BMW’s long-rumoured R 1300 GS has finally been revealed, with the bike often considered the adventure class benchmark moving forward in a number of ways.
Expected to arrive in New Zealand as early as January 2024, BMW has kept the flagship GS’s silhouette very similar, but much has changed the closer you look. BMW has dropped the asymmetric headlights that have been a key design feature of the GS since the R 1150 for two LED units for low and high beams along with four additional LED units for the daytime running light and the side light. The indicators have also been pulled from the body of the bike and are now factory-fitted to the handguards of the R 1300 GS.
Following the general trend in the premium end of the market, BMW has managed to shave weight from the R 1300 GS compared to the outgoing 1250, with the new bike weighing 12kg lighter.
As the name suggests, the R 1300 GS features a new engine measuring in at 1300cc exactly. Power is now claimed as a very healthy 145 hp at 7 750 rpm while the engine develops a maximum torque of 149 Nm at 6 500 rpm. According to BMW, the R1300 engine is by far the most powerful BMW boxer engine ever to be produced in series. As a comparison, the “Big Boxer” of the R18 series puts down 91hp and 158Nm respectively.
As per usual, the R 1300 GS utilises BMW’s Telelever and Paralever suspension systems, with BMW giving the latest iteration the EVO moniker to help differentiate it from the previous generation.
The new suspension also bolts onto a new sheet metal shell main frame made of steel, which in addition to being significantly optimised in terms of installation space also offers higher levels of stiffness than the predecessor model. For the rear frame, the previous tubular steel structure has now been replaced with a die-cast aluminium construction. The new EVO Telelever front wheel guide with flex element and the revised EVO Paralever rear wheel guide also provide even greater steering precision and ride stability.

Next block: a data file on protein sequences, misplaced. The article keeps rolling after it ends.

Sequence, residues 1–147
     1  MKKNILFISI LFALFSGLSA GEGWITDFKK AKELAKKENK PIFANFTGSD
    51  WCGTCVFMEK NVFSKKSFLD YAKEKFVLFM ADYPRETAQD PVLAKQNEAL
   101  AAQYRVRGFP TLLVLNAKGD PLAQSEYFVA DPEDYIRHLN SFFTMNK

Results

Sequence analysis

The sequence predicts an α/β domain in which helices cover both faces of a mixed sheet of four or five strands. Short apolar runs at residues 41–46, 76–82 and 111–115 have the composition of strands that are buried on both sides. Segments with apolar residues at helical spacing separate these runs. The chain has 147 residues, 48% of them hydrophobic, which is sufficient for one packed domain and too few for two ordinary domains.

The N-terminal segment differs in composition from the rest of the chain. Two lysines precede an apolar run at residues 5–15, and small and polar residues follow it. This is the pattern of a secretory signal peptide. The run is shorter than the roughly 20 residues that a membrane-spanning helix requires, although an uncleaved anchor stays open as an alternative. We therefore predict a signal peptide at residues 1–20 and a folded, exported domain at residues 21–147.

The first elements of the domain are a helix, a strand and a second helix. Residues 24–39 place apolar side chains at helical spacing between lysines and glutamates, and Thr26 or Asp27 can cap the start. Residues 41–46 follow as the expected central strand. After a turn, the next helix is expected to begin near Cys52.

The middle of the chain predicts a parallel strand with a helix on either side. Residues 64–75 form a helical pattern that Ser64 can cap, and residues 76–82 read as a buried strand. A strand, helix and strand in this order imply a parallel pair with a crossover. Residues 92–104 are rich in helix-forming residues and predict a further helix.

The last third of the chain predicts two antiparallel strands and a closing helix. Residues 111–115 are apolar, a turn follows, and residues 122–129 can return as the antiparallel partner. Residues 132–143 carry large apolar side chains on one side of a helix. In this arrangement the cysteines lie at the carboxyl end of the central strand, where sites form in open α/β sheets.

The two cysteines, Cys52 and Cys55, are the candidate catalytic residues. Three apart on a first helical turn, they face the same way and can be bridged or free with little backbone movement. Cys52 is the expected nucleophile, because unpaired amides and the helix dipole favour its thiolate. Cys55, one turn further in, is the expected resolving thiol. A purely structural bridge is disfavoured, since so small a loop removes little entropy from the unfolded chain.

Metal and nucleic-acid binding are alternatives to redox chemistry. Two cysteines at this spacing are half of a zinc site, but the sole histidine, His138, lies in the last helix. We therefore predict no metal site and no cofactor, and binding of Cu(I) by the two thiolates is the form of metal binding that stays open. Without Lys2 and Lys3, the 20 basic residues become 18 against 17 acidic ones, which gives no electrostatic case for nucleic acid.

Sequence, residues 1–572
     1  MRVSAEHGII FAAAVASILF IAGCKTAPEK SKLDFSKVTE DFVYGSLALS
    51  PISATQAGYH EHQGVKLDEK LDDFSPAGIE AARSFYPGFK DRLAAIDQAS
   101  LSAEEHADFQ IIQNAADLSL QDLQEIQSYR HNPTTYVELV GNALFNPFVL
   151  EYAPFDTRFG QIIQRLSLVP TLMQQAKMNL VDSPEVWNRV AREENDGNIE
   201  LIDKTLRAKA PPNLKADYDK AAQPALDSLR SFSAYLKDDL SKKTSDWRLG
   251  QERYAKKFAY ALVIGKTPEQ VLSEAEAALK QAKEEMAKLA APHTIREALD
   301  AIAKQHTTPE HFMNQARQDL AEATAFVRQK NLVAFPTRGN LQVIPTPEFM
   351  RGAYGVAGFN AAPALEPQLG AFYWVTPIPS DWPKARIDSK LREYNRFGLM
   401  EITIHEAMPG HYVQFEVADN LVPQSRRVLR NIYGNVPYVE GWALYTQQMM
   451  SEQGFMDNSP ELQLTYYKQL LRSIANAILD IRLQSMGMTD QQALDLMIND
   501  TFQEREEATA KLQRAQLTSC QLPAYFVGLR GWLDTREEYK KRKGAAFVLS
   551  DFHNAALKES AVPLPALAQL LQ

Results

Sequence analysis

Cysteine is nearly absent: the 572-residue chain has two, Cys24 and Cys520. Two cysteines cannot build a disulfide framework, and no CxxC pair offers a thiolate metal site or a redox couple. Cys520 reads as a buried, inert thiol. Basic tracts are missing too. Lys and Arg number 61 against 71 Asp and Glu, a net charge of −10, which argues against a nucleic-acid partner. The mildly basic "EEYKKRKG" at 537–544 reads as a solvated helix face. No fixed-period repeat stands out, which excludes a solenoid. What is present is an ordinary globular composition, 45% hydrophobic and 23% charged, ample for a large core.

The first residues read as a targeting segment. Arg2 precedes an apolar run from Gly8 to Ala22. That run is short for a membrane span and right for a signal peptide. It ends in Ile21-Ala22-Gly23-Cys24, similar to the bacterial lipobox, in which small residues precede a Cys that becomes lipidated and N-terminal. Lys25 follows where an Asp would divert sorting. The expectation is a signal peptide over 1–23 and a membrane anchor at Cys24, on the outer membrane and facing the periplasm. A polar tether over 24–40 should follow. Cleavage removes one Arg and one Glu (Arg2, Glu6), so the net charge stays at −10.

Tech-wise, BMW has once again gone all out on the big GS. Dynamic cruise control will be standard on New Zealand bikes with the option to add what BMW calls the Riding Assistant package which adds active cruise control (which keeps a set distance from vehicles in front of you), forward collision and lane change warnings. As is starting to become a necessity for the heavyweight adventure class, BMW is also offering as part of the suspension system the option of adaptive vehicle height to help make the bike more approachable.
All these new updates to the flagship BMW adventurer have come at a cost, with pricing of the new R1300GS starting at a lofty $45,990 plus on-roads while the top-spec Option 719 is priced at $49,490.